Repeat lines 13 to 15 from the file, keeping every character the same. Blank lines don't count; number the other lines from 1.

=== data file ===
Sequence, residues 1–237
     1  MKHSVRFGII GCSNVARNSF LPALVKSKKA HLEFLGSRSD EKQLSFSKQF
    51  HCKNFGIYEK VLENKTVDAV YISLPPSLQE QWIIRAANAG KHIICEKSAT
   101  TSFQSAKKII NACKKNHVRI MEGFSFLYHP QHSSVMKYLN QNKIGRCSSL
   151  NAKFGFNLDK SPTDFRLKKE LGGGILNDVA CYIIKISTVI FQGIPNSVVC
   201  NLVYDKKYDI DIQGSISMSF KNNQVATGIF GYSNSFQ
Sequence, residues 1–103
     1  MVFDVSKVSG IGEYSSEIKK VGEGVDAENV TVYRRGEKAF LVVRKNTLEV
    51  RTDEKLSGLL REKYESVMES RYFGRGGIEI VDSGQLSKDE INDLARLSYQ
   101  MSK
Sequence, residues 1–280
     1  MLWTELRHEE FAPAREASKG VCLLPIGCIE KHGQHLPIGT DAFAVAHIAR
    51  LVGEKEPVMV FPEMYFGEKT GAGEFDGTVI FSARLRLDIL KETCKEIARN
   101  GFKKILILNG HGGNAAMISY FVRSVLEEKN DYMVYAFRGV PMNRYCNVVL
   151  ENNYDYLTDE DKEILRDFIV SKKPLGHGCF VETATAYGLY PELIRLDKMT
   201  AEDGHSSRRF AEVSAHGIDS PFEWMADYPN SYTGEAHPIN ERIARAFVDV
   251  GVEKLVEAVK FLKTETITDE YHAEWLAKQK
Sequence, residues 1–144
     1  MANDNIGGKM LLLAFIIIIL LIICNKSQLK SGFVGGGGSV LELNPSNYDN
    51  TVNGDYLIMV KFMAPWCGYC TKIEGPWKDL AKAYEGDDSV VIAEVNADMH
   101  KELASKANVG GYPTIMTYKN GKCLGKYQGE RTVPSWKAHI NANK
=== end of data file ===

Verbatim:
    51  LVGEKEPVMV FPEMYFGEKT GAGEFDGTVI FSARLRLDIL KETCKEIARN
   101  GFKKILILNG HGGNAAMISY FVRSVLEEKN DYMVYAFRGV PMNRYCNVVL
   151  ENNYDYLTDE DKEILRDFIV SKKPLGHGCF VETATAYGLY PELIRLDKMT